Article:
There are actually three types of poppyseeds, the “blue”, the “grey” and the “white” kind.
The “blue” is the more common one in Europe, it’s dark blueish-grey as grains and produces an almost black mass if prepared as described below. It has a robust, assertive, earthy flavor that is used both in sweet and savory dishes.
The “grey” is a local specialty of the Austrian Waldviertel, and is milder than the blue type, often used in desserts.
The nutty and mild “white” is a staple in Indian cuisine where it’s used ground and used as binder like flour or nuts.
From your comments I can conclude that you were aiming for a poppyseed pastry filling which is common on the Balkans and other European regions. For this, ground or rather crushed seeds are cooked with a little liquid, often milk, and sugar to create a more or less thick paste. With ground seeds, a short boil and steeping is sufficient. Some preparations skip boiling the poppyseeds entirely and just pour hot milk over them and let them soak up the liquid.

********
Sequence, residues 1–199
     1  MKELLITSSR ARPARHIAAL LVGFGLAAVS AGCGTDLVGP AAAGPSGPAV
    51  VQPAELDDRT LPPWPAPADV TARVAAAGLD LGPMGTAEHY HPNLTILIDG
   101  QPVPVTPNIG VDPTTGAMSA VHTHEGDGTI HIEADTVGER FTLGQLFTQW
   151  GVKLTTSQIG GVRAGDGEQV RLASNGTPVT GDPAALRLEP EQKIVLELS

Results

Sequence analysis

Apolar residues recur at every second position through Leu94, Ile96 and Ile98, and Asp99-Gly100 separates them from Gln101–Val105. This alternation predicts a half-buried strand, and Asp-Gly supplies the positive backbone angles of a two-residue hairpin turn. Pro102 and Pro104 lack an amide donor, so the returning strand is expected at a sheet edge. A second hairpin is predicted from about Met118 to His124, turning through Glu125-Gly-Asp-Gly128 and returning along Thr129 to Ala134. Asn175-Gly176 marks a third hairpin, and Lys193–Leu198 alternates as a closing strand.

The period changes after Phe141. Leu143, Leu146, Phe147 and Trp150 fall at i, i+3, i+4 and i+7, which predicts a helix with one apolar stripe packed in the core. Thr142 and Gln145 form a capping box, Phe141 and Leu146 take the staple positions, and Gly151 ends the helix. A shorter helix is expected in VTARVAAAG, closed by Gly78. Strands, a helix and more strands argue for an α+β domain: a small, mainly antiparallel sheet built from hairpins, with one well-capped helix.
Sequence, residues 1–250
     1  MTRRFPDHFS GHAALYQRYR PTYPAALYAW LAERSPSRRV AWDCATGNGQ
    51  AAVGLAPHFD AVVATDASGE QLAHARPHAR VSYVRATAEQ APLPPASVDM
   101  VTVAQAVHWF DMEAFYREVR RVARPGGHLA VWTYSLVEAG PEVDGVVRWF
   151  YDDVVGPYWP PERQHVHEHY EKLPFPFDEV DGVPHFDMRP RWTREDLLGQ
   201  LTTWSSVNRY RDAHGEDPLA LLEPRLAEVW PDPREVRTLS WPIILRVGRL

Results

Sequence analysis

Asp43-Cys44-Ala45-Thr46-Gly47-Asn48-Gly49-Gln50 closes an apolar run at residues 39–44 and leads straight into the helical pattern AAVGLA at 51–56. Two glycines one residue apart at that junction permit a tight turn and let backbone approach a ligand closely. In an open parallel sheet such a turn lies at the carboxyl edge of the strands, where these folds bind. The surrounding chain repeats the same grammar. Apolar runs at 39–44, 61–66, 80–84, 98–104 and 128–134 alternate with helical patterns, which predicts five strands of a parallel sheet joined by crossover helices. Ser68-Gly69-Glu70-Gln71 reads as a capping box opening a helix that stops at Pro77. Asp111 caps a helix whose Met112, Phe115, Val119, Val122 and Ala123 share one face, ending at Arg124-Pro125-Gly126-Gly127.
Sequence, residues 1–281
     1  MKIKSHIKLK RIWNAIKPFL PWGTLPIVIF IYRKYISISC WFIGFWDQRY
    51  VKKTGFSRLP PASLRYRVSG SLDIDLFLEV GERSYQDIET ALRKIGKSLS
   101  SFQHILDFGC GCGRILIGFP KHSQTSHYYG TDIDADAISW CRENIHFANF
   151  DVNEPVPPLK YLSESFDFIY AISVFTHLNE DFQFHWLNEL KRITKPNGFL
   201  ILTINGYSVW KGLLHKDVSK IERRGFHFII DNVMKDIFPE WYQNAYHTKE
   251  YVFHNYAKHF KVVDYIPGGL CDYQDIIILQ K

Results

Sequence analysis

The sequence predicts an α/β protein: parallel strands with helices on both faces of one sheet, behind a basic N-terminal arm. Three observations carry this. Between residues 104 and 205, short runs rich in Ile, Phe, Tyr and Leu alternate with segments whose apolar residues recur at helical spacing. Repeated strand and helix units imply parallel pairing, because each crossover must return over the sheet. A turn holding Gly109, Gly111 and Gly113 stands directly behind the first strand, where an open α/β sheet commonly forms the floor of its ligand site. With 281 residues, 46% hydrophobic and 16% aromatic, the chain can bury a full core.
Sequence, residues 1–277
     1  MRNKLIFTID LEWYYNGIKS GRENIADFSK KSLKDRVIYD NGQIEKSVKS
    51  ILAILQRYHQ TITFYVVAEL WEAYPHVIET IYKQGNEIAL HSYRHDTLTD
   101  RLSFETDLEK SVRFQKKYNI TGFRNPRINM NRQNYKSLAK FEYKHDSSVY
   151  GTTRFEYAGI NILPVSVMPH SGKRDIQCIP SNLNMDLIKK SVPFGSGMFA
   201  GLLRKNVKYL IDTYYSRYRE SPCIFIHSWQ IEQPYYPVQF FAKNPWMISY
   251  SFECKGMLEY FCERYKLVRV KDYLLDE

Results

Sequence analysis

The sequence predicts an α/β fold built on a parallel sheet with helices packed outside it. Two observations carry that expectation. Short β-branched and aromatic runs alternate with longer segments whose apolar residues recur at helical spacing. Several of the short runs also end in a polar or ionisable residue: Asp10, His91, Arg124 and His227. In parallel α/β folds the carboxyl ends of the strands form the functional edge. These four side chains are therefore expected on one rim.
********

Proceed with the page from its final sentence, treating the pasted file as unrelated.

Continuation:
In any case, you need to remember that poppy seeds contain a lot of oil, so many regular mills can’t handle them properly without creating an oily mess. You can also buy the seeds pre-ground, but you shouldn’t store them too long because of the aforementioned oils, which can get rancid quickly.